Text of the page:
The Last Temptation: Demonic Warfare and Supernatural Sacrifice in The Amityville Horror (1979) and When the Lights Went Out (2012)
by Erin Thompson
The anxiety-inducing topic of demonic invasion and possession persists across world cultures. After a resurgence of interest in the 1960s to 1980s, tales of possession and supernatural occurrences began to manifest in cinema. In particular, The Amityville Horror (1979) and When the Lights Went Out (2012) portray alleged real-life events that chart a pattern of supernatural disturbance, possession and affirmation of faith. This chapter bridges the two films by means of the Biblical notion of temptation and sacrifice, as demonstrated in the tale of Abraham in the Book of Genesis.
Section Four: Beyond Belief
A Taste for Blood and Truth: Bill Gunn's Ganja and Hess (1973)
by Dr John Cussans
Often discussed as an audacious subversion of the Blaxploitation genre by a maverick Black director, Bill Gunn’s 1973 “vampire film” Ganja and Hess is a complex meditation on the psychology of race, religion, sex, class and addiction in 1970’s America. The narrative is framed as a conflict between the redemptive power of the blood of Christ offered by the Black Church, and a fantasy of ancestral African sovereignty represented by the Myrthian blood-cult. The film is also an important vehicle for Gunn’s personal experiences as a Black artist struggling for creative autonomy and critical recognition in a white-run culture industry, and living with the damaging psychological consequences of existing between seemingly incompatible worlds. Drawing specifically on the Cameroonian philosopher Achille Mbembe’s writings on Blackness, this chapter discusses the religious and moral meanings of Ganja and Hess from the perspectives of its lead characters and the lives of the actors who played them.
Zoolatry and the Feline Fatale: Obsession, Femininity and Revenge in Cat People (1942) and Kuroneko (1968)
by Joseph Dwyer
In Jacques Tourneur’s production of Cat People (1942), a woman is ominously cursed by her feline ancestors. In Kaneto Shindo's Kuroneko (1968), supernatural cats act as avengers of women who are violated and murdered. Much like the femme, the feline fatale is a simultaneously lauded and condemned figure across cultural and historical boundaries. These two films incorporate elements of feline shape-shifting within their cultural mythos, which belie the fabricated reality of religions and other belief systems like psychoanalysis; folklore—including cinema—is revealed to be as equally important as religion.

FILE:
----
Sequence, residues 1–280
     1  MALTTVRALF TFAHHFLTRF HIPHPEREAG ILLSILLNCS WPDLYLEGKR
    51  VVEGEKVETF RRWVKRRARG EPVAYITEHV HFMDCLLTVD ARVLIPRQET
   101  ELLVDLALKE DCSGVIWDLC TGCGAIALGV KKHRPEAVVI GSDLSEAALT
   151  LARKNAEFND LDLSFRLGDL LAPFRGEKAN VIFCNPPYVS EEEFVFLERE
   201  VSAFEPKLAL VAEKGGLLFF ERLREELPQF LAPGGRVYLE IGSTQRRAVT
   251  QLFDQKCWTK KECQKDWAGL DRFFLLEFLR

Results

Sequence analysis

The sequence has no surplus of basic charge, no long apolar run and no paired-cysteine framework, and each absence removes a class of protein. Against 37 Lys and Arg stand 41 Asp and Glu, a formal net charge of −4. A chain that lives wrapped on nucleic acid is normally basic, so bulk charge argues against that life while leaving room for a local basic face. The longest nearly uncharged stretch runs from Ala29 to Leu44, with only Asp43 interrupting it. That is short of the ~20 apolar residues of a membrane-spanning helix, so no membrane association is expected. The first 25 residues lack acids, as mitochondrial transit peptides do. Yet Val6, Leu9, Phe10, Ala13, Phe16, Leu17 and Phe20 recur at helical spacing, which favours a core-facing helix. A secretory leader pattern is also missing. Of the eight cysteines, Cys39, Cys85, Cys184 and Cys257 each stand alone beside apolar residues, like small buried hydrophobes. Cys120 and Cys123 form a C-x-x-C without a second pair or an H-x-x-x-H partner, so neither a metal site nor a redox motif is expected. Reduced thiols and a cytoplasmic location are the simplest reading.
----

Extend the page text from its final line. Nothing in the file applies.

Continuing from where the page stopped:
Faith and Idolatry in the Abrahamic Religions: Security through Symbols in Seytan (1974) and Jinn (2014)
by Neil Gravino
The use of idolatry in defense against otherworldly horrors has cemented itself as one of the most common tropes of the horror genre. Often, idolatry takes the form of the placement of faith—bordering on superstition—on symbols of a religious nature, such as a cross or statue. This version of idolatry often renders itself ineffective, a narrative device used to raise the stakes and present evil as a credible threat. This chapter frames idolatry as a sinful act, and its accompanying sense of protection ineffectual, within the Abrahamic belief systems portrayed in Seytan (1974) and Jinn (2014). The films argue that placing faith in symbols rather than Abrahamic teachings and beliefs can leave one vulnerable to evil, a loaded reading in today’s socio-political climate. In both films, idolatry is replaced by physical action, presenting evil as a pervasive threat that believers must be constantly ready to confront, regardless of faith.
Prophetic Voices and the Lethal Hand of the God: The Religious Zealotry of Frailty (2001)
by Chris Hallock
This chapter examines Bill Paxton's Frailty (2001), a psychological horror film steeped in the southern gothic tradition. Surveying how the film's non-linear framework enhances its religious and familial themes, it also studies the director's ambiguous approach to the material, ensnaring the story's tightly-knit family in the disastrous clutches of religious zealotry, murderous fanaticism and toxic patriarchy.